The Platinum Rule
By Dr. Michael Chang (Office of Global Learning)
Technology has made the world smaller and most of the things we do have become cultural interactions. In the book The World is Flat, Pulitzer Prize winning author Thomas Friedman noted that the new era of globalization started in 2000, which continues to this day. This third era of “Globalization 3.0” is all about the world coming together as a global village “The thing that gives it its unique character – is the newfound power for individuals to collaborate and compete globally. And the lever that is enabling individuals and groups to go global so easily and so seamlessly is not horsepower, and not hardware, but software – all sorts of new applications – in conjunction with the creation of a global fiber-optic network that has made us all next-door neighbors”. There is however another kind of “software” that is every bit as important as the one stated by Friedman. Though not in the conventional sense, global competence is the crucial software needed for our minds in this age of globalization.
As we enter into the early phase of 21st century, it is widely recognized that the skill set needed in our globalized world is rapidly evolving. Traditional boundaries and borders have become less relevant than in any other time in history. Increasingly, we find that our work, social and local communities have become more global. This is all the more evident in Singapore as our country strives to be an international hub for various industries, including finance, trading, legal, logistic and medical.
Living in a multicultural society like Singapore, being globally competent has become an essential life skill in itself. However, in reality, we still have a long way to go. In a 2013 research conducted by the Institute of Policy Studies and OnePeople.sg, 50% of those surveyed have the tendency to decide what a person’s behavior and views will be like based on their race, before they even interact with them.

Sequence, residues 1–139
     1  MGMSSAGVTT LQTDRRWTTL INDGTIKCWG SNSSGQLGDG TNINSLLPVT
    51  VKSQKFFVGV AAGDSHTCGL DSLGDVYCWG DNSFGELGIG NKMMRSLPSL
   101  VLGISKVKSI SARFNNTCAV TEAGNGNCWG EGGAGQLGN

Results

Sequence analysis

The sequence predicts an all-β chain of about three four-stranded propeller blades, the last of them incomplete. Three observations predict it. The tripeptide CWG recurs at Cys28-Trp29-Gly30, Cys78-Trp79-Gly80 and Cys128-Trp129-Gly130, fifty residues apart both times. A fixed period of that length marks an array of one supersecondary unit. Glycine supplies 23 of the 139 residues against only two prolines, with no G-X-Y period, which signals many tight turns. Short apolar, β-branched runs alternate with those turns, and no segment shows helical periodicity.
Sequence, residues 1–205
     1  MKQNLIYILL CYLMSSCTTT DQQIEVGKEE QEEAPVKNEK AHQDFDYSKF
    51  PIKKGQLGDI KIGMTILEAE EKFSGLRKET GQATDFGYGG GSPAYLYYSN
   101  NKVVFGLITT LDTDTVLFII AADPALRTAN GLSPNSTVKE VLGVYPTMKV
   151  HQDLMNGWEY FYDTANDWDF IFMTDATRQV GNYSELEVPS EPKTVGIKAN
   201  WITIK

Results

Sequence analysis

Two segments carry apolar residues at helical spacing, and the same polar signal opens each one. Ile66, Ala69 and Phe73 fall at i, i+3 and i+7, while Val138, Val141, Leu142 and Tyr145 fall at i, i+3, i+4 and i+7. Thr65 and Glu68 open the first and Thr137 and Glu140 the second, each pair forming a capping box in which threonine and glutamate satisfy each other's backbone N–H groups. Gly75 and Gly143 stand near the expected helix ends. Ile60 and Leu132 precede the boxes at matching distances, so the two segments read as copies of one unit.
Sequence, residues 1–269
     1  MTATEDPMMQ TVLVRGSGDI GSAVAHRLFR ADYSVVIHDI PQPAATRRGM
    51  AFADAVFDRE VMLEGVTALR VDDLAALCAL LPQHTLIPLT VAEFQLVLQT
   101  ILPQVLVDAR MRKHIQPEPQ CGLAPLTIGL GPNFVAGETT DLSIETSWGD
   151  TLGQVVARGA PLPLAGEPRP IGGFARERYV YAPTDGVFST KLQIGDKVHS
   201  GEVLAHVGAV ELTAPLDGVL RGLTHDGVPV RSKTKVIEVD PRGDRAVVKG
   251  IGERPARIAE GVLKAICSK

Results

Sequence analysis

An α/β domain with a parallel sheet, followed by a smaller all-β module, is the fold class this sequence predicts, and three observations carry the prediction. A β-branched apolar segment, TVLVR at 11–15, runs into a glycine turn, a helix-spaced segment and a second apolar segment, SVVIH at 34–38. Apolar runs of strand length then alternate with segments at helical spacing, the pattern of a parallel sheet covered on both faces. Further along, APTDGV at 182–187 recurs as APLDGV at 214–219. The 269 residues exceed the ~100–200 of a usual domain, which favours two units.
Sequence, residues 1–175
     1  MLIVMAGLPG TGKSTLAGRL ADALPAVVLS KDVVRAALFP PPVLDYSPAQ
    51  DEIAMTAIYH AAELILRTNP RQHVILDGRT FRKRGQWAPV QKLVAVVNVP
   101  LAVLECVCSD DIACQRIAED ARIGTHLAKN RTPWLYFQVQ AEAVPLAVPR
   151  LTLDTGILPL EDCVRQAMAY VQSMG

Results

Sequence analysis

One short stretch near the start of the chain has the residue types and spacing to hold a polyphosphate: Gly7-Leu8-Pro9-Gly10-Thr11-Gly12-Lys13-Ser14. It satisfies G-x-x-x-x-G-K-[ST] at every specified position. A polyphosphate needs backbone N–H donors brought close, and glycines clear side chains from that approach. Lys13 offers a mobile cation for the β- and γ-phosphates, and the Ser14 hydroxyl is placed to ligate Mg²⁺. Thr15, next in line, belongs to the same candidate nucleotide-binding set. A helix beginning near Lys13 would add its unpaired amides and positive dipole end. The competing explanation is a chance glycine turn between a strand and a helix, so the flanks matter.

Learning takes effort. Stereotyping is the laziest thing to do. While students may be world- beaters at the traditional skill sets, there are many other specific skills and competencies that cannot be tested easily, like cross-cultural understanding and the ability to connect and collaborate with others.
Many of us commit to “the Golden Rule”. It simply means that we must treat people the way we want to be treated. The Golden Rule has worked for many centuries but it is outdated. The rule focuses on you. How you like it. It does not accommodate the feelings of others.
An update on it is “The Platinum Rule”. The Platinum Rule states that you should treat others the way others want you to treat them. What a difference! The platinum rule requires you to interact, take the time to learn about others’ values and wants and treat them accordingly. This is a necessity for any multicultural society. To be truly effective across cultures, this is an important rule to follow. Remembering this rule will go a long way towards making you a globally competent individual.